Rabbits might look cute and fluffy, but they’re not a welcome sight for gardeners. They’re a menace to seedlings and young leaves, and they’re not fussy about what they eat, munching happily on a wide variety of garden plants. Luckily, there are steps you can take to stop rabbits from eating your plants.
The best way to keep rabbits out of your garden is to put up a rabbit-proof wire-mesh fence with a maximum mesh size of 2.5cm (1in). The fence should be at least 1.2m (4ft) high, with a further 30cm (12in) of fencing buried below ground level. Bend the lower 15cm (6in) of the below-ground section outward so that it forms an ‘L’-shape underground – this will stop rabbits tunnelling underneath the fence. Make sure any gates are also rabbit-proof and able to be closed securely.
Rabbits are curious creatures, so they’re likely to nibble any new plants in your garden just to find out what they are. It’s a good idea to protect new plants until they get big enough to be less attractive to rabbits (remembering that rabbits can reach up to 50cm (20in) high by standing on their hind legs). Rabbits have a tendency to gnaw the bark of young trees and shrubs, so protect new plantings by placing wire or plastic guards around their trunks, and surround individual plants with wire mesh to a height of 90cm (3ft).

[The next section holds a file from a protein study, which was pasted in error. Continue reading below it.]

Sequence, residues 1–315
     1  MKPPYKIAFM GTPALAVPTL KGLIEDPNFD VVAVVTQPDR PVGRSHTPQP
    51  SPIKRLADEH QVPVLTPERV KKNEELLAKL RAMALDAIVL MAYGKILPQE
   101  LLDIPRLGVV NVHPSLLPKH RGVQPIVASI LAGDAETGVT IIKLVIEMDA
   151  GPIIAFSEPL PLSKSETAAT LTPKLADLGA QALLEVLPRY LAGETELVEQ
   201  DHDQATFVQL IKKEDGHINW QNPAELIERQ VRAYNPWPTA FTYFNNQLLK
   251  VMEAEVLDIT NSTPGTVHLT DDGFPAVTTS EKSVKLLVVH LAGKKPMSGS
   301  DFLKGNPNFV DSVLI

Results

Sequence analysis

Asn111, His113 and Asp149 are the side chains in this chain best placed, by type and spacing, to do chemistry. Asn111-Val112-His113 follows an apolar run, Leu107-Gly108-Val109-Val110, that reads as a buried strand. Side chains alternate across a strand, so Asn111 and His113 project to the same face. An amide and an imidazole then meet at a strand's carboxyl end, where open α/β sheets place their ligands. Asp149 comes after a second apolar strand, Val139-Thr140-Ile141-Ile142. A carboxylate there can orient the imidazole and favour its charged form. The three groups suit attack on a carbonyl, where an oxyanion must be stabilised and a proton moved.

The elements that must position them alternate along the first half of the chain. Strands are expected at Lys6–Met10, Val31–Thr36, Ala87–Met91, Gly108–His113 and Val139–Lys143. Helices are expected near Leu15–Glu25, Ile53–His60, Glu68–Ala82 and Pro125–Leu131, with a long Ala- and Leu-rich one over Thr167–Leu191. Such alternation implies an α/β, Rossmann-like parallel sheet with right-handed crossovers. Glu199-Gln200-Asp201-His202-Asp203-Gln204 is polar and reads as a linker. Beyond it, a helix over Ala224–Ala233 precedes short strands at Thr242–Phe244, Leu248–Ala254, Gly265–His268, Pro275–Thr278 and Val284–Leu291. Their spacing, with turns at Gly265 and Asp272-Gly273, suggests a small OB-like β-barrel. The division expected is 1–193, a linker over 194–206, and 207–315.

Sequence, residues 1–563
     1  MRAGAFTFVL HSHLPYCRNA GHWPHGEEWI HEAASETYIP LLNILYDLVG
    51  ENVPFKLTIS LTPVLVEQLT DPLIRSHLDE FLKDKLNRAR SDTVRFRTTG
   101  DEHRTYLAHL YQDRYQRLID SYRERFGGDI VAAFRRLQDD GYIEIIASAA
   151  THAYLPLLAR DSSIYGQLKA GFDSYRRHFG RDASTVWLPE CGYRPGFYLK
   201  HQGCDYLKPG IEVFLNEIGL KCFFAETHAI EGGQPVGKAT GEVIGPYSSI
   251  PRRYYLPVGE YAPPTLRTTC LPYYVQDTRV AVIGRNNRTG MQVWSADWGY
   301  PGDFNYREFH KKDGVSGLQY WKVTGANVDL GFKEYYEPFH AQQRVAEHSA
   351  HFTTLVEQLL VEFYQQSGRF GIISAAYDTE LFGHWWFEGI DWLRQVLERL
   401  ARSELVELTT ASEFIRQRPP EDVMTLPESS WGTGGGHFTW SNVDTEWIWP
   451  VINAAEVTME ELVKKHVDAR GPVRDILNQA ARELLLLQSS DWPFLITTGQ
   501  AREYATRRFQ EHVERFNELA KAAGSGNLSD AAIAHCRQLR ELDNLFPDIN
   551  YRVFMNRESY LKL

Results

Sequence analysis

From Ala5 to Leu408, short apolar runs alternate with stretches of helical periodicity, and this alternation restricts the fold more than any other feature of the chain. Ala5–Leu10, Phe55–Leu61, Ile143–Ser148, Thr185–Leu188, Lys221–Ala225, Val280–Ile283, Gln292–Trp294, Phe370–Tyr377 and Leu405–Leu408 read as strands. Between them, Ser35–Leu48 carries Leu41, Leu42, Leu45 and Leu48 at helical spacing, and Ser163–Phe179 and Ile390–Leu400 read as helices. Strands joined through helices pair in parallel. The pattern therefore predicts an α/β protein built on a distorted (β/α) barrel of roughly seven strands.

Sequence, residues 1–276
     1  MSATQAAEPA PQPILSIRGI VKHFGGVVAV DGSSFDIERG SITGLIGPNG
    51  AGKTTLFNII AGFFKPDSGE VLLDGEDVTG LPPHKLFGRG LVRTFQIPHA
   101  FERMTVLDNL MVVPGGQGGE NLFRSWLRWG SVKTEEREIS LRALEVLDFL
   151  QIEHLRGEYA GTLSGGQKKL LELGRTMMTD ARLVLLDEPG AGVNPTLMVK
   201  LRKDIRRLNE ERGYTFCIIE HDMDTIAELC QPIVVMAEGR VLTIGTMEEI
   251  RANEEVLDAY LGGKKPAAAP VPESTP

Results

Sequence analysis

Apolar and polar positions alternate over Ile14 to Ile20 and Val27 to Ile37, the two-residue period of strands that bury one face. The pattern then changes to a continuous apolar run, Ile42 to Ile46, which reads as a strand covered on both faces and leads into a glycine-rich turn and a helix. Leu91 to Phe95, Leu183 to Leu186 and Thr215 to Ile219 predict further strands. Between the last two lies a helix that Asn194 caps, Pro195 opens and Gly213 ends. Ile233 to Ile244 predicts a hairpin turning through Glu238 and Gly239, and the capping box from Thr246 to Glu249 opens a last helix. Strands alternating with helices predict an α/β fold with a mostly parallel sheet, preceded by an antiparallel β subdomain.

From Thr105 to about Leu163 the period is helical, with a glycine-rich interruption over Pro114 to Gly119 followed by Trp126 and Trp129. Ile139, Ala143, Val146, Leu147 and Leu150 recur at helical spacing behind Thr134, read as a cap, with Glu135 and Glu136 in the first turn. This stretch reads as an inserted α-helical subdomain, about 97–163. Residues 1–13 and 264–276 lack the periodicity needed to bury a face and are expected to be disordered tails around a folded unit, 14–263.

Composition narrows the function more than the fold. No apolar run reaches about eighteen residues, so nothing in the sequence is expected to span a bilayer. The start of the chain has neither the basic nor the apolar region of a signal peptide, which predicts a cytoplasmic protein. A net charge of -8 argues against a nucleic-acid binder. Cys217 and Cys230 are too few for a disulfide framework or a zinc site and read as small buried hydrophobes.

Scents and sprays that repel rabbits
Chemical repellents containing aluminium ammonium sulphate, such as Vitax Stay Off, have some effect in stopping rabbits eating plants. However, they do need to be reapplied regularly, especially while the plant is growing fast or after rainy weather.
If you’d rather use natural products, you can try soaking cotton wool buds with peppermint oil or vinegar and leaving them about the garden. Again, they need to be reapplied frequently to be effective.
Sadly, there’s no such thing as a guaranteed rabbit-proof plant. However, there are a few plants that rabbits seem to find less appealing, particularly plants with thick or prickly leaves, and plants with very strong scents. If you have a problem with rabbits in your garden it’s worth experimenting with these:
- Euphorbia (spurge)
- Helleborus x hybridus (hellebore, Christmas rose)
- Digitalis (foxglove)
- Allium (ornamental onion)
- Tagetes patula and T. erecta (French and African marigolds)
- Agapanthus (African lily)
- Acanthus (bear’s breeches)
- Bergenia (elephant’s ears)
- Eryngium (sea holly)
- Salvia x superba (sage)
For more advice on how to protect your plants from rabbits and keep your garden looking good, visit our garden centre, where we’re happy to help!